The beach at Semiyak was the best that we visited. Extremely clean, not a single rock, just endless soft and white sand. We all wanted to come back if we had time.
Some of our group went diving early one morning in Sanur, the rest of us met up with them there later in the day. While we waited, we watched experienced kite-surfers do fancy jumps and turns.
We found lunch on a busy street at the Rocket Bar. None of us had access to wi-fi so the most important criteria we looked for in a restaurant besides cleanliness was that they offered free wi-fi (and alcohol)…yes, definitely American tourists behavior. Rocket Bar was a good find though.
A refreshing watermelon juice mixed with pineapple liqueur instantly cooled me down. Every restaurant sells fresh fruit juices and smoothies, but watch out for the ice, supposedly in Bali, all the ice should be made from filtered water, but you never know.
Some delicious lunch we had at Rocket Bar. Ayam Goreng Kecap (Chicken in sweet soy sauce), gado gado (sort of like an Indonesian salad), Ikan pepes (fish in banana leaf), and satays, can’t get enough of the peanut sauce.
One night we sent our driver home early and decided to venture out on our own to find dinner. Big mistake, we nearly got ran over multiple times and almost fell into the uncovered holes on the ground. As I mentioned earlier, a downside for not living in a more central location where the roads were paved just a tad nicer. After walking in the dark for a while, we came across Balique restaurant. It’s a beautiful restaurant that turned out to have great food, but we definitely got ripped off there. This was a major problem we came across on our trip, getting charged extra for some unknown fee by “mistake”, and due to language barrier, we couldn’t resolve the issue and ended up paying more. We also learned that for fun excursions like water sports, the prices are different for tourists and locals (by at least double).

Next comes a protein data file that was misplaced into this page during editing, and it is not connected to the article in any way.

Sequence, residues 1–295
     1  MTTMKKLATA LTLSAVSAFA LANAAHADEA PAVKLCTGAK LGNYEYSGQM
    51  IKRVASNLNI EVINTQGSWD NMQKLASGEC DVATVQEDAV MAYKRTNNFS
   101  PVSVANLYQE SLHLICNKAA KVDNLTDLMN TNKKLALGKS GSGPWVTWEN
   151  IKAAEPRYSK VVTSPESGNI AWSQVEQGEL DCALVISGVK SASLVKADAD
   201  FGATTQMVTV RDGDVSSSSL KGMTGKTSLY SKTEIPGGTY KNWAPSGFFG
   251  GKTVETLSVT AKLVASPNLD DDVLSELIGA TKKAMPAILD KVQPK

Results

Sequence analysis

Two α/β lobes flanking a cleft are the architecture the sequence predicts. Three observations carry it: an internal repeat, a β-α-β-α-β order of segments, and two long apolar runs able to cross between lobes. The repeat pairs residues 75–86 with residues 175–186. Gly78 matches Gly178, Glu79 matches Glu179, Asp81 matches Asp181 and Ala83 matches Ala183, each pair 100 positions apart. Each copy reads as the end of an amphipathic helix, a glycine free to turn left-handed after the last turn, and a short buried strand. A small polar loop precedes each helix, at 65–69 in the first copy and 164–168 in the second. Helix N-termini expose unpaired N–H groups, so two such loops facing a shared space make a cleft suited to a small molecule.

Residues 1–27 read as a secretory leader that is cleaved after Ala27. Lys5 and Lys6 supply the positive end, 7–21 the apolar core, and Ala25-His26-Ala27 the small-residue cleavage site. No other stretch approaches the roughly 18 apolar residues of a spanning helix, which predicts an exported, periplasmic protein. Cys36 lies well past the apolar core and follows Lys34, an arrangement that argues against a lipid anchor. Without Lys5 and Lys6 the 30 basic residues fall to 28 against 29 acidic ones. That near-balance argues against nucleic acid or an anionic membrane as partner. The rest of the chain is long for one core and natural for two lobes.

Anyway, enough of the negatives, we had a delicious meal at Balique, starting off with a spicy mango martini (and several more later on in the meal). My friend and I shared Ikan Pepes (snapper cooked in banana leaf) and mia goreng (fried noodles). I finished the meal with a rich and creamy coconut panna cotta.
Below, a crispy duck with ginger. Ducks are fatty but this was so fatty and I couldn’t finish it, yet the flavor was phenomenal. I can’t remember the name of the restaurant because it was late, but it was somewhere near Nusa Dua on the East side, and right next to an upscale market called “Prada”. The picture on the right is a standard bowl of hot chili paste with shallots. It’s usually very spicy. We learned in our Balinese cooking class that since an average local makes about $6/day, they can’t afford to eat meat everyday. The main part of their meal is usually rice, with very little bit of proteins and veggies to go with it. The hot chili paste is important because it makes every dish tastes extra flavorful, thus a little bit of food will go well with a lot of rice.
Hope you enjoyed the pictures so far. It’s a busy week for me, filled with concerts and rehearsals, no time to cook. I can’t wait to share with you some pictures from this coming weekend’s good eats – it’s our Chinese new year feast! But for this week, it’s all about the very fabulous trip to Indonesia.